NAPLES, Fla. -- A hurricane plowing through the Gulf of Mexico is enough to put coastal cities and towns on high alert.

Throw in an oil spill that is washing ashore in Louisiana and threatening coastlines from Texas to Florida, and the start today of hurricane season looks even more foreboding.

Scientists say that while a hurricane crossing the oil spill could dilute it and break it apart, it also would spread the slick over a wider area.

Exactly where it would go is hard to predict, but it would have to go someplace, tropical storm tracker Jeff Masters said.

"If you don't already have oil, guess what, that someplace could be you," said Masters, director of meteorology at the website Weather Underground.

Oil is spewing from Deepwater Horizon's blown-out well two to five times faster than original estimates, according to scientists and oil industry experts.

Even if BP succeeds in capping the well, the oil it has dumped into the Gulf still holds the potential for a dual disaster.

Hurricane researchers at the National Oceanic and Atmospheric Administration are planning to run simulations to test various theories about how the spill would interact with a hurricane and add the results to

future forecasts, National Hurricane Center spokesman Dennis Feltgen said.

future forecasts, National Hurricane Center spokesman Dennis Feltgen said.

The churning action of a storm would tear the slick apart, helping to speed natural evaporation and biodegradation, according to the National Hurricane Center in Miami.

Depending on the size, strength and track of a hurricane, though, oil and chemical dispersants could be mixed in with the hurricane debris cast inland by storm surge.

Because hurricanes spin counter-clockwise, a storm passing to the east of the spill could push the slick away from the Florida coast. But a storm passing to the west of the spill could send the oil toward Florida.

But Masters doesn't foresee a disaster movie scenario where oil and chemicals rain from the sky.

"I don't think you're going to be able to see it or taste it or smell it as it rains out," Masters said.

Once ashore, oil can be washed away by the right combination of storms.

In June 1979, the Ixtoc I well blew out in the Bay of Campeche off Mexico, coating 170 miles of the south Texas coast and eventually dumping 140 million gallons of oil into the Gulf before two relief wells stopped the flow nine months later.

As the oil was spewing, stormy weather caused the currents along the coast to reverse, washing oil-soaked sand south and off the beaches, said Wes Tunnell, associate director of the Harte Research Institute for Gulf of Mexico Studies at Texas A&M University in Corpus Christi.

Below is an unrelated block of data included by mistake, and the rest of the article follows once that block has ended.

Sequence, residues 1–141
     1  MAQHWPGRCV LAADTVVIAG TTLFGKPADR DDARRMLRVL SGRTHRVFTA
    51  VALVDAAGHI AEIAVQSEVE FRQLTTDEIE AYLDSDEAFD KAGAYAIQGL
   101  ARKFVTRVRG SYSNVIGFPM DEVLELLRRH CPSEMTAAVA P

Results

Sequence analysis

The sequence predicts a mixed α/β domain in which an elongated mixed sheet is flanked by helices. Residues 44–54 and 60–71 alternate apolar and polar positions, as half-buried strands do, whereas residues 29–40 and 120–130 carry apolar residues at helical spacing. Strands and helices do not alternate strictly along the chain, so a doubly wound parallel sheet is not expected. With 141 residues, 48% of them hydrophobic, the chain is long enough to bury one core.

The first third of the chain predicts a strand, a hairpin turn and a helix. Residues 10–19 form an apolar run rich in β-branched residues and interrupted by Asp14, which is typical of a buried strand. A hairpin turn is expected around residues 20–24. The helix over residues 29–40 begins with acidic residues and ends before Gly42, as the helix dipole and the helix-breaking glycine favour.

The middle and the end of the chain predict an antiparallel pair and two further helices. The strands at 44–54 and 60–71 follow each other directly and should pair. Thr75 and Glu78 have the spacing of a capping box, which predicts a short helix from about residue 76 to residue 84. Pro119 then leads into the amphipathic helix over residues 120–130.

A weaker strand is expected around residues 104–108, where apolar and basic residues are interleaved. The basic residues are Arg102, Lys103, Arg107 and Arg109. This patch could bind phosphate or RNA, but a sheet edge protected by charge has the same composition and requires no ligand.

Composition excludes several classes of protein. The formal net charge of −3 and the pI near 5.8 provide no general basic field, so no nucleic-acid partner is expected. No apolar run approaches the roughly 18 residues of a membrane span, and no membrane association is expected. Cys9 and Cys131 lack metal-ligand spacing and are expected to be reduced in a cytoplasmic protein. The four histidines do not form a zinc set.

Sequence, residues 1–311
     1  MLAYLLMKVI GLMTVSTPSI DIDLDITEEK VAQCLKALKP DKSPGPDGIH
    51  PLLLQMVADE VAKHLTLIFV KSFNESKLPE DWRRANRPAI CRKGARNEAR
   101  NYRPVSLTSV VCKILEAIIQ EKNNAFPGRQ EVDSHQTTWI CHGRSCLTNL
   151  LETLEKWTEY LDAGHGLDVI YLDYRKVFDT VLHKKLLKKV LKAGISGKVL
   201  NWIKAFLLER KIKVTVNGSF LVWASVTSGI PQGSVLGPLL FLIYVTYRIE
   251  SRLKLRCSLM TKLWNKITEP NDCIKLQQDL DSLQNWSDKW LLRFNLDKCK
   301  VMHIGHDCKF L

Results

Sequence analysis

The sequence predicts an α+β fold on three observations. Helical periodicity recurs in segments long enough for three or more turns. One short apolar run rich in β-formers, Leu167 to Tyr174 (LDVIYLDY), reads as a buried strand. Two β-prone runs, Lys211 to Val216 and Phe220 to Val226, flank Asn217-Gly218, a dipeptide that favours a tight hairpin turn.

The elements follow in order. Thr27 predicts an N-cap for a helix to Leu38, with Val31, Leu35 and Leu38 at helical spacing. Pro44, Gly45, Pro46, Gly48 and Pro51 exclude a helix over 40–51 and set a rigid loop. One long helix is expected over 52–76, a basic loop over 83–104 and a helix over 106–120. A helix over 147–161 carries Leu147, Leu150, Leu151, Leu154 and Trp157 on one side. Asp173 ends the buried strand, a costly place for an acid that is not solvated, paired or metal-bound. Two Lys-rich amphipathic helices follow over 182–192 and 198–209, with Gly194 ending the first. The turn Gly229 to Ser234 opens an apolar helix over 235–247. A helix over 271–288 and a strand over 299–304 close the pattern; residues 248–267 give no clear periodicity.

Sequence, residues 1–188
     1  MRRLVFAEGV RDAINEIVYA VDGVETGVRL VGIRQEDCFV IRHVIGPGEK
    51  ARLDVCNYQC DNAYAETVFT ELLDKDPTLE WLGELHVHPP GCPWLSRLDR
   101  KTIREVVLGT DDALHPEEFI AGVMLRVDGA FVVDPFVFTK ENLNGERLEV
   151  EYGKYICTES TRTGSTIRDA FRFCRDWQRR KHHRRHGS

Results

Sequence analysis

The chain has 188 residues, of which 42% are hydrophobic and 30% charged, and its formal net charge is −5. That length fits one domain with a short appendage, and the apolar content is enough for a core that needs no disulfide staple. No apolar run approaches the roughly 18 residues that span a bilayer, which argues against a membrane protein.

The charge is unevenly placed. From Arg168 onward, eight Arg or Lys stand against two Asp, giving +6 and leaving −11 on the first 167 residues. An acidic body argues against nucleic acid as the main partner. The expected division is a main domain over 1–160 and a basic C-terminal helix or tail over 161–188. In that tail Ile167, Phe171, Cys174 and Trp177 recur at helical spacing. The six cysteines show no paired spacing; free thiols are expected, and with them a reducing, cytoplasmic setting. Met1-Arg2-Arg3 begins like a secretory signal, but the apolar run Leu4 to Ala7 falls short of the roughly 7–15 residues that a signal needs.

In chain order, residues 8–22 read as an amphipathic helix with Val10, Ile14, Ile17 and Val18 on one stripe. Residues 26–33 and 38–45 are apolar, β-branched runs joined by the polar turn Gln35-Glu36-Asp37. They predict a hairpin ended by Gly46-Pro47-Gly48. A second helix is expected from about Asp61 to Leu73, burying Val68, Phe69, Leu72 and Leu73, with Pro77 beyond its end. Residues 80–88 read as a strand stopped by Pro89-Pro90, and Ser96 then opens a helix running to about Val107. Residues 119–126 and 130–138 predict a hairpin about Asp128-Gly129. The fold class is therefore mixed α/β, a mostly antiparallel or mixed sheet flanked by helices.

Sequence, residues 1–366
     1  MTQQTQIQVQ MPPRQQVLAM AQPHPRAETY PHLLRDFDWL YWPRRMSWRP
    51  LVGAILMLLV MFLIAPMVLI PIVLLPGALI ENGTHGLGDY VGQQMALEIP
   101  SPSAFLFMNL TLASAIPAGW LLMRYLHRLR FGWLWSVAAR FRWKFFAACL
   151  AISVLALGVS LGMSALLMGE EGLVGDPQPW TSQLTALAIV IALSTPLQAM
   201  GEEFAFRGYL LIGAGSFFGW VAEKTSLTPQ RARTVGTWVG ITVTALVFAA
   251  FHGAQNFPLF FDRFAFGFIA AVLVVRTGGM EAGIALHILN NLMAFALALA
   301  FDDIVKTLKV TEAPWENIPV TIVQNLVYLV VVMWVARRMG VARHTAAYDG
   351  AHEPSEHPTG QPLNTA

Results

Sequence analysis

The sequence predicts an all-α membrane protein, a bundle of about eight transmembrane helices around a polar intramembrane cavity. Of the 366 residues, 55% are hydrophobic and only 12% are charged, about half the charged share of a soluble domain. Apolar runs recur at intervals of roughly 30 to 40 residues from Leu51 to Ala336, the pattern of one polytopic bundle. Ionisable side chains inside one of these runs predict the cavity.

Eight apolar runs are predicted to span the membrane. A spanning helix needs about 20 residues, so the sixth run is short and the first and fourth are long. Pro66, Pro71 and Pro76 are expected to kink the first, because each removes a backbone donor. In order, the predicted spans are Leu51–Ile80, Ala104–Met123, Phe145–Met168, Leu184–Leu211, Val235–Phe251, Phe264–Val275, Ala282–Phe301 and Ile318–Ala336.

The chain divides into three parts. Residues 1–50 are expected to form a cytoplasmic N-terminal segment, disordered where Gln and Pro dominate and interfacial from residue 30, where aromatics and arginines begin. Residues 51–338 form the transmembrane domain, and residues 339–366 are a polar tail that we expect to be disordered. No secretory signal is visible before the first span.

"It didn't clean the beaches, but it got a lot of oil off them," said Tunnell, who was NOAA's science coordinator in Texas for the Ixtoc spill.

But, he said, a hurricane probably wouldn't have the same relatively helpful effect on coastal marshes, such as in Louisiana, where oil would have a stronger hold.

While the slick on the top of the water is one thing, scientists also fear what could be lurking beneath the surface. The current spill is coming from the fractured well about 5,000 feet deep.

A hurricane wouldn't stir up any oil that has sunk thousands of feet below the surface, but waters hundreds of feet below the surface would get a good mixing, Masters said.

A study to be published June 10 in Geophysical Research Letters, a journal of the American Geophysical Union, found that Hurricane Ivan in 2004 whipped up currents down to 300 feet.

A network of sensors on the Gulf floor indicated that the currents scoured the seabed and tossed up sediments that clouded the water up to 82 feet above the bottom, according to the study by the U.S. Naval Research Laboratory in Mississippi.

The research team used computer models to estimate that storms much weaker than Ivan, a Category 4 storm, still would wreak havoc down below. They said the currents stirred up by Ivan took a week to calm back down.

The chance that the hurricane-oil-spill connection will be more than a theoretical discussion is higher than average this summer, Colorado State University forecasters say.

They are predicting a stormy season this year thanks to warming Atlantic sea surface temperatures and a waning El Nino, the Pacific Ocean phenomenon that creates wind shear that suppresses Atlantic hurricane formation.

In April, forecasters predicted 15 named storms, eight of which would be hurricanes. Of those, they predicted that three of them would reach Category 3 strength or higher, with winds of at least 111 mph.

The chance one of those storms will blow through the Gulf -- and maybe across BP's oily mess? Forecasters peg it at 44 percent.